Erik Åleby, colour and materials designer, talks about how the new XC40 showcases Volvo Cars at its most daring and expressive, and how the beautiful, sustainable materials in its cabin reflect contemporary Scandinavian design.
The new XC40 pushes the boundaries of how the materials inside a Volvo car should look and feel. The simplicity and craftsmanship remain, yet the design team had a remit to take risks and be bolder than ever before. “We were entrusted to do a remix of what Volvo Cars stands for,” says Erik Åleby, colour and materials designer. “The XC40 is for a new group of customers, so it demanded a new expression. We basically had a free hand to come up with some wild ideas and try different materials that we hadn’t used before.”
Inspiration came from everywhere – mostly beyond the world of cars. Street fashion, architecture, high-end designer goods and popular culture all influenced Erik and the XC40 design team. It led them to developing a range of materials that express the unique character of Volvo Cars’ latest SUV. The XC40 comes with Origin décor panels that feature a map of Gothenburg – Volvo Cars’ hometown – etched into the material itself. “On the left door we have part of the archipelago, some islands and a piece of the mainland,” explains Erik. “There’s the Volvo Cars factory on one side of the steering wheel, the city centre in the middle and the eastern suburbs on the right door trim. It’s something new, and it shows that we’re proud of where we come from.”
In the Momentum trim level, the XC40 features an intricate material called Urban Grid, which is made from a combination of matt and high-gloss aluminium that lends the interior a minimalist, premium feel. The Inscription trim level includes décor panels in Driftwood – a distinctive wood treatment unique to the latest Volvo cars. It gives the interior the warm, contemporary ambience synonymous with modern Swedish luxury. “To do a brown wood finish is easy,” says Erik. “To make a light grey wood finish such as Driftwood is very, very difficult. But it’s worth the effort.”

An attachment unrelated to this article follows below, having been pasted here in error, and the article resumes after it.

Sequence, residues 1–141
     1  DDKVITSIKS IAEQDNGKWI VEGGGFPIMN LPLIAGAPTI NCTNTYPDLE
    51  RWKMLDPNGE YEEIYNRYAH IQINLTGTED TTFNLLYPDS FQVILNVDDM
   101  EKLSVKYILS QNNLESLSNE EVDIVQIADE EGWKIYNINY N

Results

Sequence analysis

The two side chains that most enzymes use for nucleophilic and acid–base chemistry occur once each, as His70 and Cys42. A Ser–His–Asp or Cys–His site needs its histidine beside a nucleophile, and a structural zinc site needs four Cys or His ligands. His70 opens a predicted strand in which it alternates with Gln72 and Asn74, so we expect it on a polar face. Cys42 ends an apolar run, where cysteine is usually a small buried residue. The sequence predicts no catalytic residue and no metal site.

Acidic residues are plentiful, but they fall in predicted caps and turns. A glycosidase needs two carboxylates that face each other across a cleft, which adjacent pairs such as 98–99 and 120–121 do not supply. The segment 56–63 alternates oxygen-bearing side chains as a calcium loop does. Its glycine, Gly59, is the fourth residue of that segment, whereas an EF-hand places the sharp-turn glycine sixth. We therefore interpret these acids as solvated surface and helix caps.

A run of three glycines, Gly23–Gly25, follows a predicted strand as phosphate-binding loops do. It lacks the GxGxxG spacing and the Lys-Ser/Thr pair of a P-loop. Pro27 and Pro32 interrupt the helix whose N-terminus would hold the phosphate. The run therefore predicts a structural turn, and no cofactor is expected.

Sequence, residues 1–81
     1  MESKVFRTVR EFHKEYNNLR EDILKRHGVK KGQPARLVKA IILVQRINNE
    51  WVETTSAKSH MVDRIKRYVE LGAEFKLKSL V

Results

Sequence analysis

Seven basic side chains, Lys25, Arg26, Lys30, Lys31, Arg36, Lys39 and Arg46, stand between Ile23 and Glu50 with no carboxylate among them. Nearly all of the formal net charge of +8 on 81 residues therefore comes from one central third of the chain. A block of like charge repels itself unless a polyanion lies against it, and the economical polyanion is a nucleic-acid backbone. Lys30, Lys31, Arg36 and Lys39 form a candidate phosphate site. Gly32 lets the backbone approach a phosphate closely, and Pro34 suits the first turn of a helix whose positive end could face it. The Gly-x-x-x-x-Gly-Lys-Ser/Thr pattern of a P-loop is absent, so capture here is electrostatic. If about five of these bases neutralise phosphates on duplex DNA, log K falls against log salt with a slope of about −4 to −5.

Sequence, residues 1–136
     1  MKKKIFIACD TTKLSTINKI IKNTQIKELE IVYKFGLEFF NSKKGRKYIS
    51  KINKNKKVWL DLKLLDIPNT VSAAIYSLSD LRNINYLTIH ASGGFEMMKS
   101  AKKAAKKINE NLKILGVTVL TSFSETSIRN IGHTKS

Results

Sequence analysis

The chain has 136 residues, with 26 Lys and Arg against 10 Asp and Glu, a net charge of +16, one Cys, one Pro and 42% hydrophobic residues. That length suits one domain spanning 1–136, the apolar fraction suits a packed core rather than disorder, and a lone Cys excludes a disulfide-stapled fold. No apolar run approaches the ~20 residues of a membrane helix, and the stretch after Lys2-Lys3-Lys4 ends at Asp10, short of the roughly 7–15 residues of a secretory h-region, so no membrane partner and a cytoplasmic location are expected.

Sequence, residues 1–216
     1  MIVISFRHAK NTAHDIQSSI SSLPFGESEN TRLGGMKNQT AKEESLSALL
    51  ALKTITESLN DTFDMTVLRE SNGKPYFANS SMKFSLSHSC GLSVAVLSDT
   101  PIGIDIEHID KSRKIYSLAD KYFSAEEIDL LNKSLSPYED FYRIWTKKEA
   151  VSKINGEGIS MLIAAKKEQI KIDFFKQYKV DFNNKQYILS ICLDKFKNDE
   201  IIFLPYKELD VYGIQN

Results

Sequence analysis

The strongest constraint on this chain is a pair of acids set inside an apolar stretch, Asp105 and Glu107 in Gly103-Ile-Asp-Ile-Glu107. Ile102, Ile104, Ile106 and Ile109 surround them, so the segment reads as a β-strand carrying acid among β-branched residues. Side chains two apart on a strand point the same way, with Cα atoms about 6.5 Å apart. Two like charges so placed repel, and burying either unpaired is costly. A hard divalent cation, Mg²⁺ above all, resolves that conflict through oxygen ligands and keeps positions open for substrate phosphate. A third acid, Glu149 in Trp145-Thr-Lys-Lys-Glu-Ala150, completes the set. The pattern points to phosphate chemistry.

The Cutting Edge décor panels in R-Design models accentuate the sporty, youthful character of the car. Composed of diamond-cut matt black and shiny aluminium rectangles, this material is closer to something that would usually be seen on the outside of the vehicle, says Erik. “We wanted to really connect the exterior with the interior in the R-Design trim level. The process of creating this pattern was a real challenge and no one really believed that we could do it. I think this is something that’s going to be totally new for the automotive industry.”
LED interior lighting highlights the three-dimensional qualities of the décor panels. Along with items like textile floor mats made from 100 per cent recycled material, it underlines Volvo Cars’ willingness to embrace the new while maintaining its focus on sustainability and quality.
The art of comfort
With the release of the all-new XC90, Volvo Cars introduced a thrilling, thoroughly modern take on the concept of Scandinavian luxury. Here was a car where innovative design features effortlessly integrated with natural materials to create a luxurious interior, which was as comfortable as it was eye-catching. Now, with the release of the new Volvo S90, Volvo V90 and Volvo XC90 Excellence, our designers have kept their focus on luxury and wellbeing and used it to turn the concept of in-car comfort into an art form.
Solving society’s riddles
At the Volvo Cars Corporate Innovation Office, reinventing the in-car experience is simply part of the everyday.
The race to the horizon
The fascinating background and history of the Volvo Ocean Race have turned it into one of the best-known and toughest endurance races in the sporting calendar. For four and a half decades, participants have challenging themselves and each other as they sail its course. In this article, we will trace the race back to its beginning - and beyond, looking at the developments that shaped modern sea travel and made it possible in the first place. We trace the history of the race all the way back to the opening of the Panama and Suez canals, and then how - decades later - Robin Knox-Johnson became the first man to sail single-handedly round the planet. We then describe the foundation of the race in the 70s, and the developments that turned it into the event we know today - with its cutting-edge boats, teams of world champion sailors and non-stop coverage.